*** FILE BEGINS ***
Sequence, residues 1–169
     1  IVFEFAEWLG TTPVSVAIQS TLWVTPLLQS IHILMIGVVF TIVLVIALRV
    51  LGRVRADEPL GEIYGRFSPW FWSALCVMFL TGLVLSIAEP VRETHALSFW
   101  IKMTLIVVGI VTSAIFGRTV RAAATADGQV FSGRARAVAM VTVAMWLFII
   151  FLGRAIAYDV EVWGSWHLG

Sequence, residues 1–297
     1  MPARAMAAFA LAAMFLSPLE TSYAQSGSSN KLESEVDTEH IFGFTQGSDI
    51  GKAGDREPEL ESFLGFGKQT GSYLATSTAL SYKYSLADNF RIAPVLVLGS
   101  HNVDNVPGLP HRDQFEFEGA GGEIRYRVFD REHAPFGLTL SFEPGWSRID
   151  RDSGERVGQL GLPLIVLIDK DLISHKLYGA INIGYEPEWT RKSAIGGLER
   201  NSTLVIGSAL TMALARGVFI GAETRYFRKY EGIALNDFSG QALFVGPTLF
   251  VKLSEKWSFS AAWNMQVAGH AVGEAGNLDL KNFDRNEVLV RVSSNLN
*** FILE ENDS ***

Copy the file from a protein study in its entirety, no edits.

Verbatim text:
Sequence, residues 1–169
     1  IVFEFAEWLG TTPVSVAIQS TLWVTPLLQS IHILMIGVVF TIVLVIALRV
    51  LGRVRADEPL GEIYGRFSPW FWSALCVMFL TGLVLSIAEP VRETHALSFW
   101  IKMTLIVVGI VTSAIFGRTV RAAATADGQV FSGRARAVAM VTVAMWLFII
   151  FLGRAIAYDV EVWGSWHLG

Sequence, residues 1–297
     1  MPARAMAAFA LAAMFLSPLE TSYAQSGSSN KLESEVDTEH IFGFTQGSDI
    51  GKAGDREPEL ESFLGFGKQT GSYLATSTAL SYKYSLADNF RIAPVLVLGS
   101  HNVDNVPGLP HRDQFEFEGA GGEIRYRVFD REHAPFGLTL SFEPGWSRID
   151  RDSGERVGQL GLPLIVLIDK DLISHKLYGA INIGYEPEWT RKSAIGGLER
   201  NSTLVIGSAL TMALARGVFI GAETRYFRKY EGIALNDFSG QALFVGPTLF
   251  VKLSEKWSFS AAWNMQVAGH AVGEAGNLDL KNFDRNEVLV RVSSNLN